Will you be able to get a rental office close to your home, so that it will take less time and money to get there? Where is the best physical location for your business? Depending on the type of work you do, your office might need to be in an urban area, and some distance from your home. Does your office need to be in a high traffic area, central location, easily accessible by public transit? If you have a lot of client meetings in your office, or would rely on walk-in business, then your office will need to be easily accessible and visible. If a centrally located rental office will help your business, it could be worth the extra commute time.
The rental office could be better for client and networking interactions in terms of not only accessibility, but also professional appearance. Working from an office could lend your business (and you) more credibility, more trust, and consequently more business. It depends if you will be working with clients or your network in person on a regular basis. If you primarily work online or on the phone, the professional appearance of a rental office is probably a moot point.
Another benefit of the rental office to consider is that it will probably offer you fewer distractions than a home office would. You are there with your desk, computer and phone, you have paid to be there and you are there to work. Sure there are plenty of internet videos and social content to distract you, but there’s no housework, TV, pets/kids and all the other stuff at home as well. You may find that you are able to focus better and take your work more seriously from a rental office that you have to pay for.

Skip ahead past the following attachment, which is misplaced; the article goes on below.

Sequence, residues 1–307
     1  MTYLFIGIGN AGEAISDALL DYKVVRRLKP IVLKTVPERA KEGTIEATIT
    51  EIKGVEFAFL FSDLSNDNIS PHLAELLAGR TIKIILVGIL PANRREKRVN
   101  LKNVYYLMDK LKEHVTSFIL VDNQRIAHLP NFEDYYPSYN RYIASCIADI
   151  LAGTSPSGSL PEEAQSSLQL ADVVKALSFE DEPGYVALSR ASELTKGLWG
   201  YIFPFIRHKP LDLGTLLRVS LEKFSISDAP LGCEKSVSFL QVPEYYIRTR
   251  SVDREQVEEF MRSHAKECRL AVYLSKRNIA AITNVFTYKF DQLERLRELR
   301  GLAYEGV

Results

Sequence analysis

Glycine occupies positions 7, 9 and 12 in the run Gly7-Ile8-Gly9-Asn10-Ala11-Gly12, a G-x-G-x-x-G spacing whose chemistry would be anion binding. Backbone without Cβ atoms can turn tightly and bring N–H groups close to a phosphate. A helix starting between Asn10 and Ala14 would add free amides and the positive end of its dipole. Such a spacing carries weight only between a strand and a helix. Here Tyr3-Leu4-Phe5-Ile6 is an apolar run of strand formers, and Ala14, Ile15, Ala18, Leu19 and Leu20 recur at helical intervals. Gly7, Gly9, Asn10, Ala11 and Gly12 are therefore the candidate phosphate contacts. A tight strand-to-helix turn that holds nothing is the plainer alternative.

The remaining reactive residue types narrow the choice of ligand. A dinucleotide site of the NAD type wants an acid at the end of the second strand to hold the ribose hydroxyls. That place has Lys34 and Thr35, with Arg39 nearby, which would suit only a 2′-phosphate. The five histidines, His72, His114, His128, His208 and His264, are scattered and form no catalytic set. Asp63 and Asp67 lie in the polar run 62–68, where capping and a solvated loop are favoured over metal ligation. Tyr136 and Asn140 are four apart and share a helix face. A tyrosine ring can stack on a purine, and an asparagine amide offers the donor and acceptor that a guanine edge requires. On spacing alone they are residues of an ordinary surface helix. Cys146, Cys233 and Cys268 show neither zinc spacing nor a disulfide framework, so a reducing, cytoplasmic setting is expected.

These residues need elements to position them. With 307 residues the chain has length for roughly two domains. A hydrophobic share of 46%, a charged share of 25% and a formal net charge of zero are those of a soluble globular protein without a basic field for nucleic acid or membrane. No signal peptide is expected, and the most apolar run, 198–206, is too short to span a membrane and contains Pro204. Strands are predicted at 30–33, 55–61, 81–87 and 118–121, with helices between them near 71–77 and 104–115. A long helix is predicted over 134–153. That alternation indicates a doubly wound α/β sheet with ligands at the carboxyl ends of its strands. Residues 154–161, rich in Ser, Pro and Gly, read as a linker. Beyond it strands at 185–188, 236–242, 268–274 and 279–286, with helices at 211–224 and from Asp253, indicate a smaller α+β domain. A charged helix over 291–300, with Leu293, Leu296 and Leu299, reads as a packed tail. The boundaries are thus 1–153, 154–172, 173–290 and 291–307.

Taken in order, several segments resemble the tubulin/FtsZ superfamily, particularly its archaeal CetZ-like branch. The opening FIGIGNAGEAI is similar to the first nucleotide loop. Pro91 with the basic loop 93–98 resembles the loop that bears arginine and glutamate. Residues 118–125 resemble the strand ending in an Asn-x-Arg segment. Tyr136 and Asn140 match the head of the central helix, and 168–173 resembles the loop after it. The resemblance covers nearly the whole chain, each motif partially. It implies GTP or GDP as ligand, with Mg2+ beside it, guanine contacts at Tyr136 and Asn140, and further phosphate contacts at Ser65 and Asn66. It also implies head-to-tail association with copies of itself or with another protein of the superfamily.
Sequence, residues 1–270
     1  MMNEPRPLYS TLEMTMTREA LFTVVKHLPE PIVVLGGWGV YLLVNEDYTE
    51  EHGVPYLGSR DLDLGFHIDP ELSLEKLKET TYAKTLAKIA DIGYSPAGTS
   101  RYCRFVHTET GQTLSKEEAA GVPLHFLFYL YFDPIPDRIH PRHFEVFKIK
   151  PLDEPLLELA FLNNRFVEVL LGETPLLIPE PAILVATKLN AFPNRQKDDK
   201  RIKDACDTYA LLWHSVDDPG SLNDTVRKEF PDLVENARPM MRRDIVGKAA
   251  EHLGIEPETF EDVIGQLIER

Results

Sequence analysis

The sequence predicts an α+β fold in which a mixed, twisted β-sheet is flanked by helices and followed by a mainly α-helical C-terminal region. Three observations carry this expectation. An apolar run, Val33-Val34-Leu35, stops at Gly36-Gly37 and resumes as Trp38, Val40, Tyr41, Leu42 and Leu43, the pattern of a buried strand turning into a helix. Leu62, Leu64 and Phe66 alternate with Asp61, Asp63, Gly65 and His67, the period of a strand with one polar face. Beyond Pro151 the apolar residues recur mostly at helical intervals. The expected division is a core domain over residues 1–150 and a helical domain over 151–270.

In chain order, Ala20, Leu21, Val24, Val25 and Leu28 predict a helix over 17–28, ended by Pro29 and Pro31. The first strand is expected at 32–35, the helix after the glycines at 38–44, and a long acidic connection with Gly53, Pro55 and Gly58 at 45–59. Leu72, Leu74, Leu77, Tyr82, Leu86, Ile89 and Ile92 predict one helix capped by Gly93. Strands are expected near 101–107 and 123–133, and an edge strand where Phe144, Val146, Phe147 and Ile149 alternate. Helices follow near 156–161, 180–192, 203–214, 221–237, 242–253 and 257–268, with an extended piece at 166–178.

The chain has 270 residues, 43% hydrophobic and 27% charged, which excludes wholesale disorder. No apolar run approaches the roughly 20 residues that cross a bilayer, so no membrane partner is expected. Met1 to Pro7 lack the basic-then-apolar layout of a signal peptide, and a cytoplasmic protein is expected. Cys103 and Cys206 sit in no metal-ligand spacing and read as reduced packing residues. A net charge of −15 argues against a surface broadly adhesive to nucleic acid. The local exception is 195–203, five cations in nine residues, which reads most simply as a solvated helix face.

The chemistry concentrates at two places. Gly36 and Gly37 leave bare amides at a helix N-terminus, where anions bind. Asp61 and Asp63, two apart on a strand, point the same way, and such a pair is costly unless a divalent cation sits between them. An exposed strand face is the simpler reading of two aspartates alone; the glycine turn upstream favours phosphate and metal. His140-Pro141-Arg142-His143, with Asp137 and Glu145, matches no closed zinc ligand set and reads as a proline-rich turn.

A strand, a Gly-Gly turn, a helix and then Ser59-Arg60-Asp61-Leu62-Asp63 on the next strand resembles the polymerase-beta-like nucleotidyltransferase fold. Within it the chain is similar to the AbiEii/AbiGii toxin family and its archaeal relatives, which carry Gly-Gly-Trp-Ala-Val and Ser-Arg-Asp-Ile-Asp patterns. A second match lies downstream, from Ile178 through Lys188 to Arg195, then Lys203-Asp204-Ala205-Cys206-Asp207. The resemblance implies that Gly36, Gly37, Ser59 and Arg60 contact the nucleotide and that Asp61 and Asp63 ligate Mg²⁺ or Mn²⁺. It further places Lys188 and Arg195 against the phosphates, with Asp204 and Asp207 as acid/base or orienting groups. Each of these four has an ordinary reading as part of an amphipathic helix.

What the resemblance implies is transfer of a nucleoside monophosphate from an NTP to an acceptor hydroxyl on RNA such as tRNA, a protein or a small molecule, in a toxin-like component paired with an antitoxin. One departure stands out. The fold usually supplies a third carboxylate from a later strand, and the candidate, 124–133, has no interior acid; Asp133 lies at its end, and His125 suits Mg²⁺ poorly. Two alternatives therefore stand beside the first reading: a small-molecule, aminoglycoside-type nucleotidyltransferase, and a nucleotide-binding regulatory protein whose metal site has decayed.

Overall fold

Have you ever worked from home before, and did you get easily distracted by home tasks or items? If not, do you think you would? Think about your personality as well as your home environment. Are you someone who get easily distracted while working? Is your home a clean, low clutter and low distraction environment? If not, you will need to set up your home office and keep the door closed, or you may need to work in a rental office instead.
You could work in your PJs from a home office. Except for the times when you have clients come to your home office, you can wear regular clothes and not have to purchase so much expensive business attire.